Find income and stability with bond funds
Get higher potential for income
Add stability to your portfolio
When included in a well-balanced portfolio, bond funds can help balance the risks associated with stock funds. Bond funds can also help you keep pace with inflation through inflation-protected bond funds. These funds, which invest in government bonds, are routinely adjusted for inflation.
Spread out your exposure to risk
Get broad exposure to the bond markets
You can use just a few funds to complete the bond portion of your portfolio. Each of these index funds gives you access to a wide variety of bonds in a single, diversified fund.
- Vanguard Total Bond Market Index Fund holds more than 5,000 domestic investment-grade bonds.
- Vanguard Total International Bond Index Fund holds about 3,000 non-U.S. bonds.
How to choose a bond fund
There are a few questions to ask yourself while you're considering the right bond fund for your portfolio:
Am I investing outside of an IRA or other retirement account?
If you're in one of the highest tax brackets and investing outside of your retirement account, you may be able to reduce your tax exposure with a tax-exempt bond fund.
Cut your federal tax bill with a national tax-exempt fund. Get added state-tax savings if you live in:
- New Jersey
- New York
Do I want domestic or international bonds?
Investing in both U.S. and international bond funds can add another level of diversification to an already well-balanced portfolio.
How much risk am I comfortable with?
Knowing the general traits used to identify the different bonds within a bond fund can help you determine your overall tolerance for risk.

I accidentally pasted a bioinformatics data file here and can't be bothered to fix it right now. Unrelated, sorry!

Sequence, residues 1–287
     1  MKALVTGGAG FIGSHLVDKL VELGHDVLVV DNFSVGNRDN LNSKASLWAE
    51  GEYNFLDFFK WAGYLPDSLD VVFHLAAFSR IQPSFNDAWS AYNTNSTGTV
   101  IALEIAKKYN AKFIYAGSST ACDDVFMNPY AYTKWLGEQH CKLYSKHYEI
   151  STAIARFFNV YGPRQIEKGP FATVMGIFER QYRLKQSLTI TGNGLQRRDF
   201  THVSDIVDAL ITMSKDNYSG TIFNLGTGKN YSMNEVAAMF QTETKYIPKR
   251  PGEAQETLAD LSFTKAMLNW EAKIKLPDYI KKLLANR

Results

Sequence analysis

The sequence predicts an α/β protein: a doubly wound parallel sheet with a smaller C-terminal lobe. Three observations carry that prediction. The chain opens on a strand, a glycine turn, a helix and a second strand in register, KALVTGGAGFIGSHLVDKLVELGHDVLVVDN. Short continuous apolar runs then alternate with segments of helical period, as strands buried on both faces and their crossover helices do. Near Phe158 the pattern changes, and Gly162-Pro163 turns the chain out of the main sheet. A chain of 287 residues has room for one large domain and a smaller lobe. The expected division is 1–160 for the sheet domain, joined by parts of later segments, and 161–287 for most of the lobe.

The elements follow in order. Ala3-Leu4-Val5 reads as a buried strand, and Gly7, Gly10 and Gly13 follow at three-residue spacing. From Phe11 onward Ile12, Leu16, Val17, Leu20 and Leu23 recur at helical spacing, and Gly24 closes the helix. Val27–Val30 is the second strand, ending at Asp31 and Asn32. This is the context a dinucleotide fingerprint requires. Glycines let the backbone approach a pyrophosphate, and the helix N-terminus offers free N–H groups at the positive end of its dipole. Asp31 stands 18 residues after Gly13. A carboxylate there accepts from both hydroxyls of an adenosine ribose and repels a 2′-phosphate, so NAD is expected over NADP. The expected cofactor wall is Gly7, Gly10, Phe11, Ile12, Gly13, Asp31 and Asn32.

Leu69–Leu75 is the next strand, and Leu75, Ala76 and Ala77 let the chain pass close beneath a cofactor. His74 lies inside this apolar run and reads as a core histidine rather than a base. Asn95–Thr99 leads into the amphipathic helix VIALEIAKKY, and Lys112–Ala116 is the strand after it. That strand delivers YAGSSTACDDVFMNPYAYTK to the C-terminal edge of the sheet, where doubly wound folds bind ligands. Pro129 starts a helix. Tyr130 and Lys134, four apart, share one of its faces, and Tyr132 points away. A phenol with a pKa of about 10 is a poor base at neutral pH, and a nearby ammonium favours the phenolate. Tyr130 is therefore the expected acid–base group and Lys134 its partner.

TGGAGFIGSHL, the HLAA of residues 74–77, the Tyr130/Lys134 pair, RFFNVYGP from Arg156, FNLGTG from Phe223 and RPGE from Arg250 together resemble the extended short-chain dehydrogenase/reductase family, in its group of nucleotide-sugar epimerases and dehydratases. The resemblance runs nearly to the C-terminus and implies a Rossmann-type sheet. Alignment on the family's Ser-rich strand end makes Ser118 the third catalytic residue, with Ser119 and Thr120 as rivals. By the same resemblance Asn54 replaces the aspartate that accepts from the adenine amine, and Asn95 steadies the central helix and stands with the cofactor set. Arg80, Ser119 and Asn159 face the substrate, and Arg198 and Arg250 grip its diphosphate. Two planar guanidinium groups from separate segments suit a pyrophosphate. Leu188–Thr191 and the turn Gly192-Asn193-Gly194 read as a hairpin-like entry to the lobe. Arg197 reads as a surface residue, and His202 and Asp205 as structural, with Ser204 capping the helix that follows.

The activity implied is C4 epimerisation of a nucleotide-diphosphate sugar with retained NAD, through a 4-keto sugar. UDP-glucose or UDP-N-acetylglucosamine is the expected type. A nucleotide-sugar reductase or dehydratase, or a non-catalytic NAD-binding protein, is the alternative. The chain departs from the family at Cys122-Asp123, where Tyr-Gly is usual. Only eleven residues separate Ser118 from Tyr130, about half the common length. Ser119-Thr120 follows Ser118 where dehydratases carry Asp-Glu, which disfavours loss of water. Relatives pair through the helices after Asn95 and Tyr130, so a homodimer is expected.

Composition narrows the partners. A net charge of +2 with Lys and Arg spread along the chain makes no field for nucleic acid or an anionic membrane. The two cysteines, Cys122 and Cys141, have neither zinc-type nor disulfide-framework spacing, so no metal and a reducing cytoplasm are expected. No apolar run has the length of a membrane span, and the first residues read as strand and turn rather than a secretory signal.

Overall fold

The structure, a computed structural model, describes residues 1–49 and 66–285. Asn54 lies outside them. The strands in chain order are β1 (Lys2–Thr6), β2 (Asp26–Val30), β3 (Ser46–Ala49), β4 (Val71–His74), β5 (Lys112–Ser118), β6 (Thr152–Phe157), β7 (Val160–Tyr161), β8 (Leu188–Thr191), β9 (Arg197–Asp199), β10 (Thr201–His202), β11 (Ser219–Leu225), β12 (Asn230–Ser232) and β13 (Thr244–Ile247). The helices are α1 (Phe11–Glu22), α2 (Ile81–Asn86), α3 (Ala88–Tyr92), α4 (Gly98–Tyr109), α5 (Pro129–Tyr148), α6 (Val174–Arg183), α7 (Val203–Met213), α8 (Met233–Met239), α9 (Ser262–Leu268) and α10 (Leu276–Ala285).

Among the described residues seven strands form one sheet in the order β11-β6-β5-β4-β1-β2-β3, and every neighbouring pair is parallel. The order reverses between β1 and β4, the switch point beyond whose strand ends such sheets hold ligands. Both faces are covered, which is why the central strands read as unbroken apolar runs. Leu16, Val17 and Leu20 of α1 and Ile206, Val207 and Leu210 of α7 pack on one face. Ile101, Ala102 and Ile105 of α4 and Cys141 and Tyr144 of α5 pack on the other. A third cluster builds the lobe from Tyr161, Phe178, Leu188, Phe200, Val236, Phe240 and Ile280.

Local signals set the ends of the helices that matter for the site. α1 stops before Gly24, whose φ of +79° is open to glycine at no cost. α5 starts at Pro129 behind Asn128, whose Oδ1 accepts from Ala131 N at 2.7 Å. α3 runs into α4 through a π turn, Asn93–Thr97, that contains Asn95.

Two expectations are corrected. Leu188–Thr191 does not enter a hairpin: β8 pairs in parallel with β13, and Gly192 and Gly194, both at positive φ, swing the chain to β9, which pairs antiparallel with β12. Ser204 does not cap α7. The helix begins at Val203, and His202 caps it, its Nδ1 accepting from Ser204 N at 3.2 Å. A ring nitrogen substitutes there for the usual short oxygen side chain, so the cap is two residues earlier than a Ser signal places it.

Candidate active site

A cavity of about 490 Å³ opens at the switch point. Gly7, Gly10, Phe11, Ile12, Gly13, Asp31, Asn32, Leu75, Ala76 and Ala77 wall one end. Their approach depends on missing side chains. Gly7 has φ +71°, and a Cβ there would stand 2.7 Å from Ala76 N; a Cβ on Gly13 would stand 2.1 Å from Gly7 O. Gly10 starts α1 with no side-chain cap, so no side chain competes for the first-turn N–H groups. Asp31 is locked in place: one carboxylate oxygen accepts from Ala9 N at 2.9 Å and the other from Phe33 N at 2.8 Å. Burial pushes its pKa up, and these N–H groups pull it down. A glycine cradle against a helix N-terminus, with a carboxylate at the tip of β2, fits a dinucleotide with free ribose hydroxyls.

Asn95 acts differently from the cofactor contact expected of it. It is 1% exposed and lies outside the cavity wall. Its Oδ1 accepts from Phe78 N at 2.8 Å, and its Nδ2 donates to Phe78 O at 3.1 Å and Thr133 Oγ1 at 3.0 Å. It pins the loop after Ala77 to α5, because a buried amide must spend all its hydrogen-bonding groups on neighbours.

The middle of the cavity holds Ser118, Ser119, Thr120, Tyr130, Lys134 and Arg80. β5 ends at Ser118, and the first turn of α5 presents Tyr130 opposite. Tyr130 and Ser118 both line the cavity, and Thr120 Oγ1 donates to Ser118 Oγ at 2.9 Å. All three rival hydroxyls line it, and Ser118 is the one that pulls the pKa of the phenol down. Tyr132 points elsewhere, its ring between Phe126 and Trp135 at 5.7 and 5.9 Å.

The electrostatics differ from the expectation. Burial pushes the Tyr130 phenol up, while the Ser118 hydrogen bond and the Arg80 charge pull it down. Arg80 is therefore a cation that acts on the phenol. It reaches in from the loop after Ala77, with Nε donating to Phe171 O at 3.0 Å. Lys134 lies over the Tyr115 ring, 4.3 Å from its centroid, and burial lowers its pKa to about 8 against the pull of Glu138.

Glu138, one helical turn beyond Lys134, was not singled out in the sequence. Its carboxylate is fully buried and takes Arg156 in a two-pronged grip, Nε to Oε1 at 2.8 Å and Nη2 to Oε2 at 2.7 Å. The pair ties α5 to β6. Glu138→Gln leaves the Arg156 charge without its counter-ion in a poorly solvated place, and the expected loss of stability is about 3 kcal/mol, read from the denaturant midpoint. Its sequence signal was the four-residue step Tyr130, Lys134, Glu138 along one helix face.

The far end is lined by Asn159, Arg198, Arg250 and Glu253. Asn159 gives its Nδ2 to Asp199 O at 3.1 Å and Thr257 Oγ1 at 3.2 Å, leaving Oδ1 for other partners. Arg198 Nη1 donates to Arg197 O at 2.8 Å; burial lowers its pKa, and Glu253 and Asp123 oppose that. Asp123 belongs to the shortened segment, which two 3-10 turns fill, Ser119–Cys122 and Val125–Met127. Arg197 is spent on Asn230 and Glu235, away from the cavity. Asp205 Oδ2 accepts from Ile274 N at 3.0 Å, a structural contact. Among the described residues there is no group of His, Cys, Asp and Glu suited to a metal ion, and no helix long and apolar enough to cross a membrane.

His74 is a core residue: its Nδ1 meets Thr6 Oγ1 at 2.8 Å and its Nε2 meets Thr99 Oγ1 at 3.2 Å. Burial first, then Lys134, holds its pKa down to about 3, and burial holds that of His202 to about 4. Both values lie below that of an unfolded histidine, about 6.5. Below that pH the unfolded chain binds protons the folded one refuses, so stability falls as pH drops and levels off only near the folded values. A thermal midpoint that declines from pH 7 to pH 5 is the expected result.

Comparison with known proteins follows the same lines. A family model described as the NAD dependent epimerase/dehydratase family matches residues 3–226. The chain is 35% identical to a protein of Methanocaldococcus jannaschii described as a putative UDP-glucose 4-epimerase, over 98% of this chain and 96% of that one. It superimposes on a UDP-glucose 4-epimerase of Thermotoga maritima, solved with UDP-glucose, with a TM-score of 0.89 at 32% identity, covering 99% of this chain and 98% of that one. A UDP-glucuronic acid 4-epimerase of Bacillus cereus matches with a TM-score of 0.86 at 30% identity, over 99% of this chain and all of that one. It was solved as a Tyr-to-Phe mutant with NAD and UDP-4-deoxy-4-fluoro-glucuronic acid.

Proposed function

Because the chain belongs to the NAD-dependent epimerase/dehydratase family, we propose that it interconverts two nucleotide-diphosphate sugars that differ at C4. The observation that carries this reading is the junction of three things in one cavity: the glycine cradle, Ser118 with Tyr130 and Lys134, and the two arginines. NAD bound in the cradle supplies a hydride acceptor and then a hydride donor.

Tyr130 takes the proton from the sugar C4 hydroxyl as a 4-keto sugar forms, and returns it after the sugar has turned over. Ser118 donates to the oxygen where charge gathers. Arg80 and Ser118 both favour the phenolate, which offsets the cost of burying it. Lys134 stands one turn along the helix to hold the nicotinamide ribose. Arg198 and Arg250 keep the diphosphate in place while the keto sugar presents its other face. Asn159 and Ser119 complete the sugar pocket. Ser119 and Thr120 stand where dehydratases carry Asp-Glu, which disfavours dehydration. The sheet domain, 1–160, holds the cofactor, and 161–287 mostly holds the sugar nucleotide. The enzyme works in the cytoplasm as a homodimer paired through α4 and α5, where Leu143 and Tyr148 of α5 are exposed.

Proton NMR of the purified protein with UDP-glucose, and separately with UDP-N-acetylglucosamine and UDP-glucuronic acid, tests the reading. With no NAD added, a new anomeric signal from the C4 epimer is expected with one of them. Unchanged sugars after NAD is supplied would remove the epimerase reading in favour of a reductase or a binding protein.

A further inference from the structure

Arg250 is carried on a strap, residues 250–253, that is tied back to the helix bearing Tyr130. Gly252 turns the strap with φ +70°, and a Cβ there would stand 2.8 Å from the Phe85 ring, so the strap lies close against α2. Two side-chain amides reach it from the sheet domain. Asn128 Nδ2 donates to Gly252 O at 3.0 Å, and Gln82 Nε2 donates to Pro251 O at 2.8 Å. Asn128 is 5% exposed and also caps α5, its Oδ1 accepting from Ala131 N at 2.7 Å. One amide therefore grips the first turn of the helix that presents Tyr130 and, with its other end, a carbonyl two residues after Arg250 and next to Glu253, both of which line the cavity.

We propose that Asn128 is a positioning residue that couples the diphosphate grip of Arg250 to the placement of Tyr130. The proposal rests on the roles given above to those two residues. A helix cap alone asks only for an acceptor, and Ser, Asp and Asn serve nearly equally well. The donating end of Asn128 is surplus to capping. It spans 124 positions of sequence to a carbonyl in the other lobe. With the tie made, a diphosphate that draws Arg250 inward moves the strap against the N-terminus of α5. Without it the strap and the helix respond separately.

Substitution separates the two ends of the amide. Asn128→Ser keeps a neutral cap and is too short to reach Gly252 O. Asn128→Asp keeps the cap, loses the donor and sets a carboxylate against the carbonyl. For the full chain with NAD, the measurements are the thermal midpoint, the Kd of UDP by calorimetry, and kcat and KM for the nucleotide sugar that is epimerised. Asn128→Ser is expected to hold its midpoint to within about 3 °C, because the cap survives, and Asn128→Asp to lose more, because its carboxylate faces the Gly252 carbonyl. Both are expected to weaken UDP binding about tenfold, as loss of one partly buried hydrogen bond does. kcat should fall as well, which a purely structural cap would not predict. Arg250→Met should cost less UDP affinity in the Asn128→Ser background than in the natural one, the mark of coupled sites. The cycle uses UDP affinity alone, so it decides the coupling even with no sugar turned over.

- Average maturity. Bond funds come with short-, intermediate-, or long-term maturities. The longer the maturity, the more sensitive the fund is to changes in interest rates.
- Credit quality. Bonds that are backed by the government or one of its agencies have the best "creditworthiness" and a lower chance of default than most corporate bonds. Corporate bonds with high credit quality are considered investment-grade bonds, and those below investment grade are considered high-yield ("junk") bonds.
Would I prefer index or active funds?
Do you feel more comfortable tracking the market, or would you rather try to beat it?
Index funds try to track the performance of a specific market benchmark—or index—as closely as possible. The fund manager buys all or a representative sample of the stocks or bonds included in the index.
Actively managed funds are steered by our expert portfolio managers who select specific securities for the fund. While this gives you the chance to beat the benchmark, any actively managed fund could just as easily miss the mark.
We're here to help
LEARN ABOUT OTHER FUND TYPES
NEED SOME GUIDANCE?
A bond mutual fund invests in a variety of individual bonds, each of which represents debt—an IOU—issued by a U.S. or international corporation, municipality, or government.
The date when the issuer of a money market instrument or bond agrees to repay the principal, or face value, to the buyer.
A bond whose credit quality is considered to be among the highest by independent bond-rating agencies.
A bond with a credit rating of BBB/Baa or lower. Known as "high yield" because of the rewards offered to those who are willing to take on the additional risks of a lower-quality bond.
An unmanaged group of securities whose overall performance is used as a standard to measure investment performance.
A mutual fund that seeks income, liquidity, and a stable share price by investing in very short-term investments. Money market funds are suitable for the cash reserves portion of a portfolio or for holdings you'll need soon.
The sum total of all your investments.
The strategy of investing in multiple asset classes and among many securities in an attempt to lower overall investment risk.
A mutual fund having holdings consisting mainly of stocks.
A bond represents a loan made to a corporation or government in exchange for regular interest payments. The bond issuer agrees to pay back the loan by a specific date.
A type of fund that tries to track the performance of a particular market index (sometimes referred to as a "benchmark") by buying and holding all or representative sample of the securities in the index, in the same proportions as their weightings in the index.